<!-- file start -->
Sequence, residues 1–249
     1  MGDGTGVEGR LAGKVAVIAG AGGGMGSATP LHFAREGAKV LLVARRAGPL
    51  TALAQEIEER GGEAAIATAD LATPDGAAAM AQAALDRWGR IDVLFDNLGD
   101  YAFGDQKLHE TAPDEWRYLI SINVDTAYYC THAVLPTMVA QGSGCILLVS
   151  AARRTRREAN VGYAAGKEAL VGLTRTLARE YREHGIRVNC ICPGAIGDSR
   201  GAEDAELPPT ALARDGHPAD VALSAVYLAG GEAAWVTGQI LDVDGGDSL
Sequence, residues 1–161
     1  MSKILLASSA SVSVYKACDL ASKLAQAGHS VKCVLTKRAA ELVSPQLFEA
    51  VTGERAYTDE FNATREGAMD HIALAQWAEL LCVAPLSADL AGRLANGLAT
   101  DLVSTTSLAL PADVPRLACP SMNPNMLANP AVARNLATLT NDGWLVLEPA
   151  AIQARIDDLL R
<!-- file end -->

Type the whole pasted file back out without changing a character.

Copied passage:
Sequence, residues 1–249
     1  MGDGTGVEGR LAGKVAVIAG AGGGMGSATP LHFAREGAKV LLVARRAGPL
    51  TALAQEIEER GGEAAIATAD LATPDGAAAM AQAALDRWGR IDVLFDNLGD
   101  YAFGDQKLHE TAPDEWRYLI SINVDTAYYC THAVLPTMVA QGSGCILLVS
   151  AARRTRREAN VGYAAGKEAL VGLTRTLARE YREHGIRVNC ICPGAIGDSR
   201  GAEDAELPPT ALARDGHPAD VALSAVYLAG GEAAWVTGQI LDVDGGDSL
Sequence, residues 1–161
     1  MSKILLASSA SVSVYKACDL ASKLAQAGHS VKCVLTKRAA ELVSPQLFEA
    51  VTGERAYTDE FNATREGAMD HIALAQWAEL LCVAPLSADL AGRLANGLAT
   101  DLVSTTSLAL PADVPRLACP SMNPNMLANP AVARNLATLT NDGWLVLEPA
   151  AIQARIDDLL R